Sudden Cardiac Death in Soccer Players
Reliable estimates of the incidence of sudden cardiac death in young athletes are hard to come by. Malhotra and colleagues analyzed 10 years' worth of data (1996-2016) from a long-term UK screening program involving more than 11,000 soccer-playing adolescents aged 15-17 years.
The athletes completed a questionnaire, physical examination, 12-lead electrocardiography (ECG), and echocardiography as part of baseline screening for participation in club soccer. All of the tests were interpreted by regional cardiologists. After that initial evaluation, the athletes were classified into one of three groups:
Needs further evaluation; or
Cardiac disease detected.
Any athletes requiring further evaluation were seen regionally. Certain abnormalities led to stress testing, Holter monitoring, and even MRI.
Several disorders are known to be associated with sudden cardiac death, including hypertrophic cardiomyopathy, dilated cardiomyopathy, arrhythmogenic right ventricular cardiomyopathy, long QT syndrome, and Wolff-Parkinson-White syndrome. If one of these cardiac disorders was found, the athlete was advised not to compete.
The primary outcome of interest—death—was either through voluntary reporting to the English football authority or by retrospective surveys completed by healthcare professionals to try to capture any deaths. When a potential death was identified, the investigators obtained the death certificate from the government and completed an additional medical record review.
Screening was conducted on 11,168 players with a mean age of 16.4 years. Only 7% (830) of the athletes initially screened required further investigation. Of those, 287 had no abnormality after completion of the in-depth evaluation.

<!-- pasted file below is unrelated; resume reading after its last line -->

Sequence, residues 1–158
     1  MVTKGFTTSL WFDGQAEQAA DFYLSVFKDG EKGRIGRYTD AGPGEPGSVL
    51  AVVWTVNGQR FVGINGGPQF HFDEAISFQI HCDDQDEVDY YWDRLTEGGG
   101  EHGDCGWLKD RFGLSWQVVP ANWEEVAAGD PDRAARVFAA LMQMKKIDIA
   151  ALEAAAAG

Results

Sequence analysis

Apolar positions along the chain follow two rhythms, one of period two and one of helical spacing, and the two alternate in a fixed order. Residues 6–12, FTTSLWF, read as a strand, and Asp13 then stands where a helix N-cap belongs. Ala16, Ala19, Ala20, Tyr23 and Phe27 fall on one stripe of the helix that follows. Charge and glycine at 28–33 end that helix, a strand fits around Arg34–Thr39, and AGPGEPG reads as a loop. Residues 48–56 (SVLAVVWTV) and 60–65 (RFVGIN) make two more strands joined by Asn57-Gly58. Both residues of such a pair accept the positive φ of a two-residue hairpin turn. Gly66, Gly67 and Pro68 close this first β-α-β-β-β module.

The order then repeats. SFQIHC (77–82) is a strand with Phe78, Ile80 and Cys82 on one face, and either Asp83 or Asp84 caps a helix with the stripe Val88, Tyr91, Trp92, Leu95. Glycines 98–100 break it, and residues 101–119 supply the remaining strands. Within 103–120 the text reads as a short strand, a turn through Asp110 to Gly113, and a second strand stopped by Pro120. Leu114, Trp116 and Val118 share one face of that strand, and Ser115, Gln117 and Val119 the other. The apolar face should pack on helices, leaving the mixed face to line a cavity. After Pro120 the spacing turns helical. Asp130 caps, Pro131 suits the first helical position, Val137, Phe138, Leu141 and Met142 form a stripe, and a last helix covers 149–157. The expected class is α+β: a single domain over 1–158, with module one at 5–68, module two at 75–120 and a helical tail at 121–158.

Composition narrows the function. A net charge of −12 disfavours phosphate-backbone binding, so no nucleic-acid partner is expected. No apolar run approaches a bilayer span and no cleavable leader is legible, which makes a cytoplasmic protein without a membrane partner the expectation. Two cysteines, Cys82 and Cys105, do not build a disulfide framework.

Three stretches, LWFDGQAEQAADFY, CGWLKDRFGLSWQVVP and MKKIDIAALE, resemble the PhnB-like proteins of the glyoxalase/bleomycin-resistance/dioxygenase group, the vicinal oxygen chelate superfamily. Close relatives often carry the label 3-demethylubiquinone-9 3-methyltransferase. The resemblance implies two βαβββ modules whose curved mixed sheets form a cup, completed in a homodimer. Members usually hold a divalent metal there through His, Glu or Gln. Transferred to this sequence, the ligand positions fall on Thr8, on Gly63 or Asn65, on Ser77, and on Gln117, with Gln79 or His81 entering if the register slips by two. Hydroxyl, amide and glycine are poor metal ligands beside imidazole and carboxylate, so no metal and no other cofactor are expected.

A disorder associated with sudden cardiac death was diagnosed in 42 athletes, 26 of whom had Wolff-Parkinson-White syndrome and five of whom had hypertrophic cardiomyopathy. Eight adolescents died from cardiac-related disease, but in only two cases did the initial screening evaluation detect the condition. The remaining six adolescents died from cardiac-related causes that had not been detected by the initial or the follow-up evaluation. During the same period, 23 athletes died from all other causes.
Among athletes in this study, the rate of sudden cardiac death was 1 in every 14,800 person-years, corresponding to 6.8 per 100,000 athletes. Overall, the screening program identified diseases associated with sudden cardiac death in 0.38% of the athletes. Among the eight deaths, six athletes (75%) had received normal screening evaluation results.
This is a really tough one. Current recommendations do not suggest universal ECG screening, but provide targeted questions to help practitioners decide who might benefit from screening. The fact that most of the sudden cardiac deaths in this study occurred in athletes who had received a normal preliminary evaluation, coupled with the very low death rate, certainly could support the argument that routine cardiac evaluation beyond history and physical is not appropriate. However, two of the five athletes whose cardiomyopathy was detected by screening died during the follow-up period, having participated in soccer despite warnings to the contrary. So for a very small number of these screened athletes, the findings of screening can be critical. This report exposes the magnitude of the "needle in the haystack" problem, and may help providers and parents make an informed discussion.
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Cite this: William T. Basco. Sudden Cardiac Death in Teen Athletes: Does Screening Make a Difference? - Medscape - Oct 16, 2018.